Work together for solving problems
To the editor:
On March 6, the New Hampshire House voted to accept a bipartisan solution to a problem faced by 77 communities across our state. With a vote of 302-34, we accepted a solution to a promise made by the state and about to be broken.
When the state budget estimates were being considered, there was an error in the process which told towns that they could expect the same level of stabilization grant as in the prior year. This was not correct. School budgets were presented and voted on at school district annual meetings and deliberative sessions all over the state based on this misunderstanding. Without quick action, school districts would have been forced to cutback or ask the voters for more money.
When the error was discovered, it took very little time for state Sen. Molly Kelly to step forward to address the issue; state Sen. Sharon Carson and I signed on to cosponsor the effort, which created the funds to keep the promise made to our community and 76 others.
As a result, Londonderry will be receiving the more than $300,000 it was told it could expect from the state of New Hampshire. Londonderry’s Superintendent of Schools Nate Greenberg said; “Passage of SB 40 is of significant importance, as failure to do so would require us to curtail purchases of supplies, equipment, materials and, in all likelihood, significantly limit the hiring of substitutes during the remainder of the school year.”
Instead of wasting time making political points, the New Hampshire Senate and House moved quickly to come to agreement across the aisle to provide the necessary funding to make this right. There were no misleading statements, no finger-pointing; the Legislature simply recognized the problem, and worked together to find a common sense New Hampshire solution.
I hope that this might serve as a model for other issues facing our state: how to present a responsible balanced budget, how to deal with damaged bridges and roads, how to fund the promise of an adequate education for our young people in an age of intense international competition.
These are not easy problems to solve. They require thoughtful discussion and a refusal to add empty rhetoric to serious potential solutions.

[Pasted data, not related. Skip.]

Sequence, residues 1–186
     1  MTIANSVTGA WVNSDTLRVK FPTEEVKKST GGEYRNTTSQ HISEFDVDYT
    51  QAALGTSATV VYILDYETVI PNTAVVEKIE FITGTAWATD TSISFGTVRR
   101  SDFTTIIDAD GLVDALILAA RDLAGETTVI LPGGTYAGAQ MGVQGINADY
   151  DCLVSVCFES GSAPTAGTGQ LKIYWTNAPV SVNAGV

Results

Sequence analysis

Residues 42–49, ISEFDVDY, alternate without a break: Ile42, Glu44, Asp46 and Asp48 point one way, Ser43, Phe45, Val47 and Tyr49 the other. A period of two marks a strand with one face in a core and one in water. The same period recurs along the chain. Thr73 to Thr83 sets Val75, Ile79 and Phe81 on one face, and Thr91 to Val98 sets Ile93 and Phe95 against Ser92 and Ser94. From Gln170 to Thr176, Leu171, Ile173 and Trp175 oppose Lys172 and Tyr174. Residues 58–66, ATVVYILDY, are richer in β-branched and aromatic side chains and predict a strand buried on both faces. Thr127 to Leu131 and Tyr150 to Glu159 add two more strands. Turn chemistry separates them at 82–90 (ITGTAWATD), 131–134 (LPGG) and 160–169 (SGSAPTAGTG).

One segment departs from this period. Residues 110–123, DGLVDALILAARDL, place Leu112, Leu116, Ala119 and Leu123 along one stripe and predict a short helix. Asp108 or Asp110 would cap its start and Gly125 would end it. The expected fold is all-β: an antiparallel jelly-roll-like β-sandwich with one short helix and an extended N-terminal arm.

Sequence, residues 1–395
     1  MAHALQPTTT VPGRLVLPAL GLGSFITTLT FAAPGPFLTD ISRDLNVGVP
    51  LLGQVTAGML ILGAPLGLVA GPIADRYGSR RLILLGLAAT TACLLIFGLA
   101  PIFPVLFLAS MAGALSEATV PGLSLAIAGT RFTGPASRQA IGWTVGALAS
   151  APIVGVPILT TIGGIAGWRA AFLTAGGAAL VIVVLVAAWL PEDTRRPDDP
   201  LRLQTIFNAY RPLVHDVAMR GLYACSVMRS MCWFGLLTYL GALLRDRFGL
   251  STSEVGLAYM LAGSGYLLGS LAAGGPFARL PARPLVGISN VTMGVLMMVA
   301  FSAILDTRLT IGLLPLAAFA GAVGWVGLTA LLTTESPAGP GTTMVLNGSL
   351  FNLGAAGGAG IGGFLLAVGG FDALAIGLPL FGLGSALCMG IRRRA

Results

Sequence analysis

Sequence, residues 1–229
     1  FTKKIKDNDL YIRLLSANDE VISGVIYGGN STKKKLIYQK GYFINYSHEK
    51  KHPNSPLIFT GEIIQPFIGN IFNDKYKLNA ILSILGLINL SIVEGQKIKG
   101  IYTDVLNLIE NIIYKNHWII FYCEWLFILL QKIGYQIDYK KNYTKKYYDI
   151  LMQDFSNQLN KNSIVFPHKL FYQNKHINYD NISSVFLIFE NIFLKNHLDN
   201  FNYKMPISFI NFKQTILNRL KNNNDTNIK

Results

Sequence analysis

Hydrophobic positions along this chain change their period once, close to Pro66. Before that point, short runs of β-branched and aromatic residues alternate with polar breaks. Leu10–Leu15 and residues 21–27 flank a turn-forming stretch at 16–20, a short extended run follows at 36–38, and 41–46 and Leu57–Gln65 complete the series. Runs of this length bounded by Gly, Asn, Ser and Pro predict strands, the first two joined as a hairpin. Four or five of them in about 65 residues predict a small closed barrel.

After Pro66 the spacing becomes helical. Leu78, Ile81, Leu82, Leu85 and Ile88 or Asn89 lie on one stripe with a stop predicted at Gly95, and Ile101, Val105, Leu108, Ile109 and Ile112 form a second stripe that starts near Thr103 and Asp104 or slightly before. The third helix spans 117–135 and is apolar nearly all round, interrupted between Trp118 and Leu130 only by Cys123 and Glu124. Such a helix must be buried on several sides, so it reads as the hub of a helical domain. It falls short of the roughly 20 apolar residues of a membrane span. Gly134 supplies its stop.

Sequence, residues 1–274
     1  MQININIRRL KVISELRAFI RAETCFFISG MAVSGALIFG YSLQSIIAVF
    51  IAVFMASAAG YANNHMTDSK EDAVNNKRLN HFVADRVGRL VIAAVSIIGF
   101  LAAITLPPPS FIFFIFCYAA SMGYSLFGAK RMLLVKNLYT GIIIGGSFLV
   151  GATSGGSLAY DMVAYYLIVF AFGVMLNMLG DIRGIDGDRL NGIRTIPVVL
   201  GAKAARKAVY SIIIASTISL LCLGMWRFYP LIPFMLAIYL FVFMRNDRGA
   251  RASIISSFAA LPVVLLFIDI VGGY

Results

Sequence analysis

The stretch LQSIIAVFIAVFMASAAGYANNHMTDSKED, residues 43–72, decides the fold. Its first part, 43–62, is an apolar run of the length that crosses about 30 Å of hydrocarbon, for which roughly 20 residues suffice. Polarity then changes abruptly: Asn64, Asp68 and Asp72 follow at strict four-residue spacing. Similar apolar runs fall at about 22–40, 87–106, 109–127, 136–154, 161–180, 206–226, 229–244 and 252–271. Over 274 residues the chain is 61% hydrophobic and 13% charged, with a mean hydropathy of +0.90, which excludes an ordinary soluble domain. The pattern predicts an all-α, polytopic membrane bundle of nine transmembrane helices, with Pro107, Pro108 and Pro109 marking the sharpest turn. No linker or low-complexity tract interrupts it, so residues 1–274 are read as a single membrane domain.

When we can face squarely and honestly the difficult fiscal issues facing us, and focus on finding New Hampshire solutions to New Hampshire problems, then we do our best to serve our community, our state, and all the working families and others who look to us for leadership.
Let’s use the bipartisan intention to solve problems as a way to move New Hampshire forward to better schools, better infrastructure and a healthy business and economic climate.
State Rep. Lisa I. Whittemore
Ayotte falls in with bad crowd
To the editor:
New Hampshire has always been a state of rational, intelligent conservatism. Sen. Kelly Ayotte has me worried.
After respectable service in New Hampshire state government, she seems to have gone insane in Washington. First, it was joining the attempt to politicize the tragedy in Benghazi, Libya. Now there is talk about her cosponsoring a bill that would support Israel if it starts a war with Iran. This would give Israel a green light for war. Insanity!
While in Washington, she seems to have fallen in with a bad crowd: Sen. Lindsey Graham, the poster boy of the extreme right wing politics; Sen. John McCain, a once honorable man who has become a fan of war. Most people gain wisdom as they age. I don’t know what happened with McCain. Perhaps that is the “maverick” in McCain coming out.
We are sick of war, Kelly. Come home to New Hampshire values. Grab hold of your own head, give up the insane.
We must face North Korean threats
To the editor:
General Kang Pyo Yong of North Korea recently said: “When we shell (the missiles), Washington, which is the stronghold of evils, will be engulfed in a sea of fire.” The North Korean National Defense Commission stated: “In the new phase of our century-long struggle against the United States, we do not hide the fact that various satellites, long-range missiles that we will continue to launch and high-level nuclear tests we will conduct will target our sworn enemy, the United States.”
North Korean intransigence on the discontinuation of its nuclear weapons and missile development programs has fostered the current volatile situation with the United States. It has conducted three nuclear weapons tests and long-range missile tests in recent years. The missiles could possibly reach Hawaii, Alaska and the West Coast of the United States.
We need to ensure our early warning detection systems can shoot down their missiles and we need to review our contingency plans targeting their missile and nuclear sites. We need adequate deterrent forces in the region, including a robust South Korean military. We might want to consider encouraging Japan, an ally, to enlarge and strengthen its military capabilities.
Donald A. Moskowitz